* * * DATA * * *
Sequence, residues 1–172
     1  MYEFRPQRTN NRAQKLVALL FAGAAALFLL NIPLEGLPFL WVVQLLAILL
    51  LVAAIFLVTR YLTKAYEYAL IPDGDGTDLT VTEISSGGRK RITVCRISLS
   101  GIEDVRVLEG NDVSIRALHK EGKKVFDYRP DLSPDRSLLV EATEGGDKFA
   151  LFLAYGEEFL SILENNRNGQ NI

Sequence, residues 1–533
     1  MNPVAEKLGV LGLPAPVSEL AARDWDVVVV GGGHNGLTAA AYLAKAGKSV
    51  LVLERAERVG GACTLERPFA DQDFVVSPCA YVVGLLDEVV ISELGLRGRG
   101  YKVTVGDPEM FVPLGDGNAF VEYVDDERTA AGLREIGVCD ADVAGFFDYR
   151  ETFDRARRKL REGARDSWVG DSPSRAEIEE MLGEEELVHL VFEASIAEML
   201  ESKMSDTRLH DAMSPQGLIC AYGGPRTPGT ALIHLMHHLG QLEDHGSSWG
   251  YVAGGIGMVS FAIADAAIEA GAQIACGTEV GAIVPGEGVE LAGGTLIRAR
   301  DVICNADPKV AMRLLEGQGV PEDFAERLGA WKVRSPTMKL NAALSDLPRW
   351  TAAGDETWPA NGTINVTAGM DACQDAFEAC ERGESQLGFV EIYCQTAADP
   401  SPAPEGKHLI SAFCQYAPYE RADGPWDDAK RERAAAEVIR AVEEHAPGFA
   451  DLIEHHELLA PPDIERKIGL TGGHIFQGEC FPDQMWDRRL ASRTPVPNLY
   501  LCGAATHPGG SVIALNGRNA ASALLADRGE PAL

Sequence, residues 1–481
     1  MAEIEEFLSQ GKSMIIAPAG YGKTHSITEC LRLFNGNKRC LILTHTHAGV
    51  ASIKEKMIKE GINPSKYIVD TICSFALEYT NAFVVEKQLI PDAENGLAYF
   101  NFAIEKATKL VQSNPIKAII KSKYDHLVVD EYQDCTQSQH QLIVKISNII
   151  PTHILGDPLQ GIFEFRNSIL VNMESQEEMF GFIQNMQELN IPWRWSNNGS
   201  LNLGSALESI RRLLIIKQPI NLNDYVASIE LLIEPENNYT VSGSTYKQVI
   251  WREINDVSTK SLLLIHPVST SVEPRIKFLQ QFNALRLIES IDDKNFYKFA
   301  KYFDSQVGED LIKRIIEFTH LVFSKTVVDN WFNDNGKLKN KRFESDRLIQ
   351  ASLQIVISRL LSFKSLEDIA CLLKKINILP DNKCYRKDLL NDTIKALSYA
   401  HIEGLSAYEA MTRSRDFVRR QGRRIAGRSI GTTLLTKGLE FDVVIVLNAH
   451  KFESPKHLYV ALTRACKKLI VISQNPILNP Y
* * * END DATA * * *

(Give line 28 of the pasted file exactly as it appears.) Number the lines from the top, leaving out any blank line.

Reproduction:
   451  KFESPKHLYV ALTRACKKLI VISQNPILNP Y